But, alas, I can find no trace of the Jefferson Drum theme. It is as if it had never existed–a fate that has overtaken many things and places of my childhood. Village of Bonhamtown, gone without a trace. Oppenheim’s estate, utterly erased. Lived here all my life and I can barely find my way around.
For the record, Jefferson Drum (played by Jeff Richards) was a crusading newspaperman in the Old West, before “journalists” turned into organ grinders’ monkeys for the Democrat Party. The show only lasted one season; but I can still hear that drum solo in my mind. I wonder if anybody else remembers it. Was there really any such thing, or did I dream it?
I am aware that roller derby still exists; that indeed it has staged a sort of comeback worldwide, albeit mostly at an amateur level.
Roller Derby and TV grew up together. The first roller derby broadcast was in 1948. It blossomed into a huge hit and a cultural phenomenon. This is hard to explain. The clip will give you some idea of the sublime awfulness of 1950s roller derby. I think the hook was the display of “un-ladylike behavior” at a time when women were expected to be “ladies.” Please don’t ask me to define those terms. I’m just sayin’ I think the contrast was a big selling point for roller derby.
At a friend’s house, his mother and aunt watched roller derby every chance they got, well into the Sixties (even though it had already faded severely and was going quickly out of style). No matter how many times I was exposed to it, the rules of roller derby remained a mystery to me; nor was I ever able to perceive the object of the game. It just looked like a lot of bodies flying around, plus some fisticuffs.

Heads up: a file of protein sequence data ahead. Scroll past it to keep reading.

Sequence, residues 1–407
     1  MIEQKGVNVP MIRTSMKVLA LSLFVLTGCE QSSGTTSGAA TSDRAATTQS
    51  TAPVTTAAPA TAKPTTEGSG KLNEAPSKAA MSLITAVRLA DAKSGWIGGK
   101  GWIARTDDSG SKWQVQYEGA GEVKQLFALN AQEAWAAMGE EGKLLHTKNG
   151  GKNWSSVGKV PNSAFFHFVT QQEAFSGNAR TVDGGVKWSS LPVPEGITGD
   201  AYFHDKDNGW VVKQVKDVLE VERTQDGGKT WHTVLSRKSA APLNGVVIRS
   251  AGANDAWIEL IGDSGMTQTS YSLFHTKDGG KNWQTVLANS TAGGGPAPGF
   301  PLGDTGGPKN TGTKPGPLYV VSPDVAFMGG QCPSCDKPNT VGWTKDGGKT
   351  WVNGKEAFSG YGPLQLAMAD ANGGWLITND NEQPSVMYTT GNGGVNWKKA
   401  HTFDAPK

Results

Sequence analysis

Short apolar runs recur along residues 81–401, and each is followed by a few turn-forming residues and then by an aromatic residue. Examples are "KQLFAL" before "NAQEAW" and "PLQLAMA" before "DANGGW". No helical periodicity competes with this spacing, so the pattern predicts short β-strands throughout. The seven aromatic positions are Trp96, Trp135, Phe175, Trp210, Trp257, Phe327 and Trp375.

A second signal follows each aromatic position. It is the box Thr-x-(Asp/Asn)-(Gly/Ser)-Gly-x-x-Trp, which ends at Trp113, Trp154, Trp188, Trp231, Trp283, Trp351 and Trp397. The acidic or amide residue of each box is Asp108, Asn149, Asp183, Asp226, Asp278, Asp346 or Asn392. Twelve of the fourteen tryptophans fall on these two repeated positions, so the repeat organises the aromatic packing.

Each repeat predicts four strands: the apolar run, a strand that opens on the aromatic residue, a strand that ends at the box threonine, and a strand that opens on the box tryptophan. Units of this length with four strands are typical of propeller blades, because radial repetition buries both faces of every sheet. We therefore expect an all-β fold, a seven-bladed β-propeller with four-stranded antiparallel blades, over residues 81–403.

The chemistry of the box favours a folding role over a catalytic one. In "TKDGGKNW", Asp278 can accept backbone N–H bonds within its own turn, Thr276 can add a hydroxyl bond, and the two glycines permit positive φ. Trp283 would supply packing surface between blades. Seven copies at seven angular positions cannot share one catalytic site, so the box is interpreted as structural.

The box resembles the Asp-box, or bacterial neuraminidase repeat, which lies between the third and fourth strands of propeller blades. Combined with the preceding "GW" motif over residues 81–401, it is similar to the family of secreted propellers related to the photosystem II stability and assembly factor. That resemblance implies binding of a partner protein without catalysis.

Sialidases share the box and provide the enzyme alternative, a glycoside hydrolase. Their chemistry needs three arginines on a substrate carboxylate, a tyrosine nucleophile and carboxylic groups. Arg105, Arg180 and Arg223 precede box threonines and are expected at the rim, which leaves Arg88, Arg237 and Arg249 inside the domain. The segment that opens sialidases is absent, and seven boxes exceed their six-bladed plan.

TV survived, but roller derby shrank almost into oblivion–I think because oafish, churlish behavior has become practically an expectation for both men and women. Roller derby can’t compete with an Antifa riot.
For ugliness to have any value, there has to be beauty present, too.
Was this a hit when I was eight years old, or what? Walt Disney’s Zorro–and you can bet there was a whole lot of swordfightin’ goin’ on in our neighborhood!
Now hardly anybody had color TV back then, but we knew from Zorro bubblegum cards that the show was filmed in color. And of course Zorro had a lot of adventures at night, wearing a black mask and cape and riding a black horse–so how much color did you need?
This show generated pulse-pounding excitement among us kids. I don’t think TV shows can generate that kind of excitement anymore. Maybe because there are so many of them. Maybe because Walt Disney’s dead and the company he founded has gone over to the dark side.
Anyhow, Zorro was way cool–and so was his alter ego, Don Diego–and we all wanted to grow up to be like him. And how was that bad?
If you grew up in the 1950s, you very likely saw these silent cartoons, created by Paul Terry, on your black-and-white TV. If you’d enjoy that particular stroll down Memory Lane, Youtube has several of them available.
Y’know what? These are really funny! Primitive in technique, but well-advanced in crackpot humor.
Most of the commenters, myself included, would have liked to know more about the cartoons’ music tracks. I don’t think most of the music that’s been plugged into this example is original. Somehow that got lost. But considering that some of these are more than 70 years old, we probably have to take what we can get.
Hey, it’s Labor Day, a holiday, so let’s have a few harmless laughs.
This always cheers me up–genuine 2nd Amendment TV, vintage 1958: The Rifleman, starring Chuck Connors. Liberals really hate this! Like, imagine this guy showing up at some college campus. Run for the Play-Doh!